Thanks to my employer, Netconomy, a colleague and I could attend this year’s edition of GopherCon. I’ve wanted to go there for years and now I finally had a chance to actually get to Denver for the biggest gathering of Gophers in the world 😄 So on Sunday, August 26, we boarded the plane taking us to Frankfurt, switch machine, and then spent another 9.5 hours in a Boing 747-400 to Denver.
The usual chicken-vs-paste meals later we arrived rather exhausted at Denver International Airport. Thanks to some construction-work going on there it’s probably the most complicated airport I’ve seen in recent history. It took us quite some time and a couple of calls with our Lyft-driver to find the right exit, but we eventually found the correct parking deck 🤪 Off we went to the “Mile-high city”!
Good thing we hadn’t booked any tutorials for the next day as we wanted to get to know the city and also getting some work done before focusing completely on the main event!
Some sight-seeing, Whole Foods, and working later we arrived at GopherCon on Tuesday morning, nearly awake and fully-motivated! By the way, putting a gift store right next to registration booth where you could purchase Gopher swag was just devious 😈
For half of the session talks there was just a single track but around lunch there were two talks/tutorials where three sessions were taking place in parallel. These had a length of 45 minutes while the single-track sessions took only 25 minutes. I really liked the format as it allowed to put highly domain-specific talks onto the schedule without forcing people into them who weren’t interested. In one such slot, for instance, Filippo Valsorda presented best-practices around the net package while people in another slot learnt about 3D rendering thanks to Hunter Loftis.
It’s hard to pick favourites here but if I had to pick, I’d give the price to Kavya Joshi for her talk about the Go scheduler (“The Scheduler Saga”) and Anthony Starks for “Go for Information Displays”. Thanks to the parallel tracks there are still a couple of sessions, though, like Jon Bodner’s “Go Says WAT?” that I have to watch on Youtube.
Some take-aways from these and other talks for me were:
- Anthony Starks has created a neat little presentation tool called deck.
- He also created a Go-binding for OpenVG, which can also be used with Deck to render the slides directly onto the screen without having to go through PNGs et al.
- gvt is officially retired in favour of Go modules.
- If you want to debug binary data, use “%q” as it prints them in a more usable way than “%v”.
- There is a Go implementation of yacc!
- Tons of Debian tools and services are already written in Go, such as manpages.debian.org.
After the first session-day there was also a social event taking place at the nearby Sculpture Park. I have no idea why it is called that given we only saw a single sculpture, but never mind.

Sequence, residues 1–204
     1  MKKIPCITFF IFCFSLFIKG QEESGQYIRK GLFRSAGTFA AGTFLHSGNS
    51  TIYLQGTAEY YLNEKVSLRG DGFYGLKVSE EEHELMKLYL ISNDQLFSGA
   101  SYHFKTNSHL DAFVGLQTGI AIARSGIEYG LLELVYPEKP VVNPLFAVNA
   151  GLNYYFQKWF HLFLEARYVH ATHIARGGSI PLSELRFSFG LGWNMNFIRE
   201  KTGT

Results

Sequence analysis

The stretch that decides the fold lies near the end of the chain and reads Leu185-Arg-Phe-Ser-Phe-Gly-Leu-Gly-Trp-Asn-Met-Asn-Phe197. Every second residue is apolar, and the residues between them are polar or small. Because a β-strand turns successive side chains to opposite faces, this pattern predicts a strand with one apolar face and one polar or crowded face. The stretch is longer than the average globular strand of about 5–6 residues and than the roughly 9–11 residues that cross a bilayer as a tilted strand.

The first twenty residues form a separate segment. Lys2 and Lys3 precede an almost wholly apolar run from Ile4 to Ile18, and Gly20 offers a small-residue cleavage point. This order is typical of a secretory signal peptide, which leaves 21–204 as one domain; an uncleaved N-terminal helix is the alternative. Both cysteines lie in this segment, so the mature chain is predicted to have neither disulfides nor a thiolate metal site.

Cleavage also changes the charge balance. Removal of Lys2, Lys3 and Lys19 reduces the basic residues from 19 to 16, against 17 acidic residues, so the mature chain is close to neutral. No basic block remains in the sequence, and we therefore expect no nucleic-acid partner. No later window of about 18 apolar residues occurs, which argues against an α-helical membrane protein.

On Wednesday evening there was another event sponsored by DigitalOcean at “The 1up”, a local barcade. We had a table reserved at Fogo de Chao right before that event and ate so much that we couldn’t stay for long. Great location, though, with a great bar and awesome arcade machines!
As Max had forgotten his wristband which acted as invitation to the event we also had lots of fun with the bouncer esp. as he was trying to pronounce our names 🙂
The two session days went by far too quickly! Luckily, though, that wasn’t the end of the event as there was still a day full of community projects left! Sadly, I had to fix a couple of problems at home and therefore mostly spent my time away from Go projects. That being said, Max and I at least started working on a little pet-project of ours which should make creating release-notes based on changed between releases easer in the future 😅
A single community day was just a bit too short when you’re used to sprints at Python conferences. There were also fewer people actively looking for help with their projects, which left the announcement whiteboards rather empty. If I get the chance again to attend next year then I hope I can bring something to the table myself. This year, it was mostly Ansible, though. As I still had fun I couldn’t complain 😉
Something else I couldn’t complain about was the venue. As with the Oregon Convention Center the Colorado Convention Center was huge, offering space for multiple large events taking place at the same time without people running over each other. There were always refreshments available and the queues to the lunch booths were manageable. If only there had been porridge also on the community day for breakfast 😫
In general, the organisation was flawless (from what I can tell)! The breaks were well-timed, there was captioning, and the air-condition was not set to kill (only to hurt 😅) so we didn’t have to leave the conference halls to warm up as happened on another event 😉 Big thanks to everyone involved with the event! Great job!
As I already wrote before, I really want to attend next year’s GopherCon in San Diego. I enjoyed my time in Denver so much that it was hard to leave. Next year there is also going to be a dotGo again, so with some luck, I will be attending two Go conferences + FOSDEM again 😍